Over the past several years, the global impact investing field has expanded like never before. Looking ahead, it is worth considering what impact investing’s further growth and mainstreaming could mean for philanthropy and foundations and the dynamic role they have long played.
Informed by almost 40 years and more than $700 million of impact investing, the John D. and Catherine T. MacArthur Foundation sees three main ways that philanthropy should continue to engage.
First, grant funding is needed to support further development of sound, widely accepted standards and policies for impact measurement and verification. Second, foundations provide critical support to the networks, experts, and thought leaders who help investors, investment advisors and asset managers connect, learn, and innovate. Third, philanthropy can practice impact investing directly.
By example and through partnership, foundations help advance growing engagement in values-aligned and sustainable investing. And, by leveraging our rich legacy of catalytic capital leadership, foundations help the impact investing field expand and accelerate its progress toward a more just, resilient, and inclusive world. Pioneered by the Ford Foundation and followed by the Packard and MacArthur foundations in the early 1980s, catalytic capital is patient, risk-tolerant, and flexible investment that seeds, scales, and sustains impact-generating organizations, usually with the goal of mobilizing capital from other sources, often in large multiples. This can happen by shifting risk and return through a guarantee or blended finance structure, or by making an early bet that helps an unproven but promising enterprise build its scale and track record to attract more investors over time.
Our experience as an early investor in the U.S. field of Community Development Financial Institutions (CDFIs) demonstrates the important role of catalytic capital and its lasting, outsize impact. In the early 1970s, pioneering, community-focused development banks and loan funds arose in Chicago and elsewhere, often in direct response to the devastating policy and practice of redlining, which denied Black and under resourced communities access to mortgages, insurance, and other essential forms of capital for decades. The early impact investments made by the Ford and MacArthur foundations throughout the 1980s and 1990s helped seed and scale dozens of promising new loan funds, banks, and credit unions. By 1998, CDFI leaders made the case for a new U.S. Treasury program which accelerated the industry’s spread and development nationwide.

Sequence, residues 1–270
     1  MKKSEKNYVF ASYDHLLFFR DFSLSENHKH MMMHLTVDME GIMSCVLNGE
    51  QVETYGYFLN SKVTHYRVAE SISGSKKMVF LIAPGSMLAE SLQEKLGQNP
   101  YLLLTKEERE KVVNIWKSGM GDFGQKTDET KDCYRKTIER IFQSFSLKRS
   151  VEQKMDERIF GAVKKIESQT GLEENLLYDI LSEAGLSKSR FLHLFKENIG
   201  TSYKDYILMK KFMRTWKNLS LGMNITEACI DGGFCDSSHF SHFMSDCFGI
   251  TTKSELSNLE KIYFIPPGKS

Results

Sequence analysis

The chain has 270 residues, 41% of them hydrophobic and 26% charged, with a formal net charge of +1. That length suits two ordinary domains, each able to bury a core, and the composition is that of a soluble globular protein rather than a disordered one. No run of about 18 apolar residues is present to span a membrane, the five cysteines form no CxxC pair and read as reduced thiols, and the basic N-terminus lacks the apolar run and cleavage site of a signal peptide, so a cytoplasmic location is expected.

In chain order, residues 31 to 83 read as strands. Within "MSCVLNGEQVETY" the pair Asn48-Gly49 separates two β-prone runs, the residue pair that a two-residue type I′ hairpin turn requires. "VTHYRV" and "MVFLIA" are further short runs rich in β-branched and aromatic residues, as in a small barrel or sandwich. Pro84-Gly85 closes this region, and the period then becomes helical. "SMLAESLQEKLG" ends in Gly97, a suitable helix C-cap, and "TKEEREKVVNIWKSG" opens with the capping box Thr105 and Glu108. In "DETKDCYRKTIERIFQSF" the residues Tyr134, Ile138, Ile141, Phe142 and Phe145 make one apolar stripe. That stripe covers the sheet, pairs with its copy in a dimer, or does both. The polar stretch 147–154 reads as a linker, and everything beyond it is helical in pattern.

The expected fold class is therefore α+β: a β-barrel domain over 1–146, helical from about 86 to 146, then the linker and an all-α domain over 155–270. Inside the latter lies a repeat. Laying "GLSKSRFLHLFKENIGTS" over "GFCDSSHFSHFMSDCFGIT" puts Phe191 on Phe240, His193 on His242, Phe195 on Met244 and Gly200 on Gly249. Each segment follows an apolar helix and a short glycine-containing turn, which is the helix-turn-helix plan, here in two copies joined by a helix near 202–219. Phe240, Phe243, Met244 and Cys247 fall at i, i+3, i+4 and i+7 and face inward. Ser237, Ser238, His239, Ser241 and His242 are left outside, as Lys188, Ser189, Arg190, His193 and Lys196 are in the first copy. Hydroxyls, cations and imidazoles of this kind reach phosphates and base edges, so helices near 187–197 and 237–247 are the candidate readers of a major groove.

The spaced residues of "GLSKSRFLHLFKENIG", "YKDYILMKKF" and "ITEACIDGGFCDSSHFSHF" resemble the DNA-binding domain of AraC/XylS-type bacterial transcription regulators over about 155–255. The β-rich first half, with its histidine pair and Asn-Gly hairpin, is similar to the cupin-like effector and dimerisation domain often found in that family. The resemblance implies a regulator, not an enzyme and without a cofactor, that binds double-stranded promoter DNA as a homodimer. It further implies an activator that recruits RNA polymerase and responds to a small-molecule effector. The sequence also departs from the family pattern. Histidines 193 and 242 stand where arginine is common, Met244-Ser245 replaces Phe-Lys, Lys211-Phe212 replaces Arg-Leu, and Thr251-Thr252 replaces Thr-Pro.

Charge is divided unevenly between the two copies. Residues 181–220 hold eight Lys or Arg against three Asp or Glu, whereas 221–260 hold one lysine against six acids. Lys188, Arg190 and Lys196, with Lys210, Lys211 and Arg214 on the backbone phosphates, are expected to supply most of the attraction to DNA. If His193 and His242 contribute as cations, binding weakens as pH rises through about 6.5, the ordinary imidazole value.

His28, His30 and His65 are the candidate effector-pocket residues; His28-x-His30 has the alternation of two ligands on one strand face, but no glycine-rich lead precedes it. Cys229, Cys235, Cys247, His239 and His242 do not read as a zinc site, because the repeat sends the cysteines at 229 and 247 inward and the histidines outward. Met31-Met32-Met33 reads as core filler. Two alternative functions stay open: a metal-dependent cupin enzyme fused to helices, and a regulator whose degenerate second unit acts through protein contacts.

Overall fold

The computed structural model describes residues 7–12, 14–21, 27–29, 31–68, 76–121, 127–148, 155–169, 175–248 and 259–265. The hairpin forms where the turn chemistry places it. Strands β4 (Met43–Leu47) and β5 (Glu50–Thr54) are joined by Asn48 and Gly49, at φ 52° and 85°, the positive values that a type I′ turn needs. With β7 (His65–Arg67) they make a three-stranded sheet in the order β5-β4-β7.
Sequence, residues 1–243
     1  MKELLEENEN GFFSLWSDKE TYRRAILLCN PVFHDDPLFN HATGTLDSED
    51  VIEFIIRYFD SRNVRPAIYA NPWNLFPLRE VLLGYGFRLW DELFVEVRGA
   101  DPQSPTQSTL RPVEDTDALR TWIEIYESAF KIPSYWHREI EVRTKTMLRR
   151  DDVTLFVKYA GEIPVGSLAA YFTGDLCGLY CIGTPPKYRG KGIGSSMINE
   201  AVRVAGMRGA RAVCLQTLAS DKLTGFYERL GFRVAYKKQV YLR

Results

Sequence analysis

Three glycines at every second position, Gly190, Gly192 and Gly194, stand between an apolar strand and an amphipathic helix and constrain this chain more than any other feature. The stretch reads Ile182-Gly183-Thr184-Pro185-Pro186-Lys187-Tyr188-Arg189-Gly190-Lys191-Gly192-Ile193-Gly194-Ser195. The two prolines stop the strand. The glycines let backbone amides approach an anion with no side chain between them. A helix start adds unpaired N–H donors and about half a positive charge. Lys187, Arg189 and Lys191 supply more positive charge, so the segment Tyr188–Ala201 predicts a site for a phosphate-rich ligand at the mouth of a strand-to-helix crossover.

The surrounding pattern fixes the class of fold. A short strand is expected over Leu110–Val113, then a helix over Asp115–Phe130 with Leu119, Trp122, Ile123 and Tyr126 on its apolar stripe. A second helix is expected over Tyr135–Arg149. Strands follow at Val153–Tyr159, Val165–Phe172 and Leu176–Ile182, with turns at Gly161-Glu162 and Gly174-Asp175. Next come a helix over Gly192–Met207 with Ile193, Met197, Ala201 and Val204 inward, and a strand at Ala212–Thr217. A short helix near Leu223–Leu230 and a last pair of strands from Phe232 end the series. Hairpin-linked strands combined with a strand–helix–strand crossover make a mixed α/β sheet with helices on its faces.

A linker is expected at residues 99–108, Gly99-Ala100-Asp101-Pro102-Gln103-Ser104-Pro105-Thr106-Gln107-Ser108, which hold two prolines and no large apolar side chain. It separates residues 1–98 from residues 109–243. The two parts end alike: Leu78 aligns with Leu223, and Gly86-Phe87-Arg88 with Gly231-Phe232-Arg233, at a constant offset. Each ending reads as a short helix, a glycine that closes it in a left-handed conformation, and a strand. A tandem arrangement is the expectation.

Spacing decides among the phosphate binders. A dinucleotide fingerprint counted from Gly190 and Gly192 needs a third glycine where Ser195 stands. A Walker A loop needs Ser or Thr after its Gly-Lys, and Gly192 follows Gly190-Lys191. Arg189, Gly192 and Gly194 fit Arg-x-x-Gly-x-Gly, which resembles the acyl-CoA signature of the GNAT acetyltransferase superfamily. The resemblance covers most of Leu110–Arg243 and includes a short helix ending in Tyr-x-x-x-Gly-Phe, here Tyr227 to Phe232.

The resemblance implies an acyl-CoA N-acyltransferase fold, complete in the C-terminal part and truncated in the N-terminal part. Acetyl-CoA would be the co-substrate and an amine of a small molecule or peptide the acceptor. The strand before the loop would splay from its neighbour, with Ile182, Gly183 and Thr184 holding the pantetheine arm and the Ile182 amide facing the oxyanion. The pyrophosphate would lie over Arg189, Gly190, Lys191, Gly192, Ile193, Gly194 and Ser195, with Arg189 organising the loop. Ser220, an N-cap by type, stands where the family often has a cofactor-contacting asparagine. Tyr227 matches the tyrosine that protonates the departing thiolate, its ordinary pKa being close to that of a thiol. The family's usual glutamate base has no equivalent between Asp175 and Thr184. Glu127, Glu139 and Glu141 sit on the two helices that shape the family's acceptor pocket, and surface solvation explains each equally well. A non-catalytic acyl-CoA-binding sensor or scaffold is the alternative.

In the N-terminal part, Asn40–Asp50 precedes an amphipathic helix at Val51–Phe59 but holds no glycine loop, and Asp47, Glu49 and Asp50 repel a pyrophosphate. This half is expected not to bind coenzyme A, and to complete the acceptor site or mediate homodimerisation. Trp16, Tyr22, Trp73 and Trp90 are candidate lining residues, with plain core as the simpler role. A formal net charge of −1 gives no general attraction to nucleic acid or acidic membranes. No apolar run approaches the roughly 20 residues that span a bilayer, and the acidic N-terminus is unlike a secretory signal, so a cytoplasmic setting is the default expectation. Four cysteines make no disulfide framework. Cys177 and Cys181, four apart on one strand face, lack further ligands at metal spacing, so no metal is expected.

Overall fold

When the COVID-19 pandemic reached the U.S., roughly 1,300 certified CDFIs were at work nationwide, managing more than $222 billion in assets. Through fast action and collaboration, backed by foundations and mission-driven family offices, they provided critical financial support to hard-hit small businesses—during the pandemic’s early days and as mainstream lenders implementing the federal government’s massive Paycheck Protection Program left out thousands of eligible nonprofits and small businesses, many led or owned by women and people of color.
Next, when the murder of George Floyd, nationwide protests, and a widespread racial reckoning motivated corporations, foundations, and individuals to finance Black and Brown communities and entrepreneurs, CDFIs met the moment again, with established capacity and ready opportunities.
Ultimately, these recent events and other developments helped to draw billions of dollars in new public and private capital to CDFIs over the past few years, including major donations from philanthropist MacKenzie Scott and both grants and investment from Google and other firms.
As an early and longtime CDFI investor, we found this surge of engagement and new resources incredibly exciting. It showed us that $300+ million in catalytic capital, provided to the earliest CDFI pioneers and to other promising groups over time, had ultimately helped build a durable infrastructure for impact at a scale we never imagined originally—with strong potential to continue multiplying the results of our original catalytic capital investments in the decades ahead.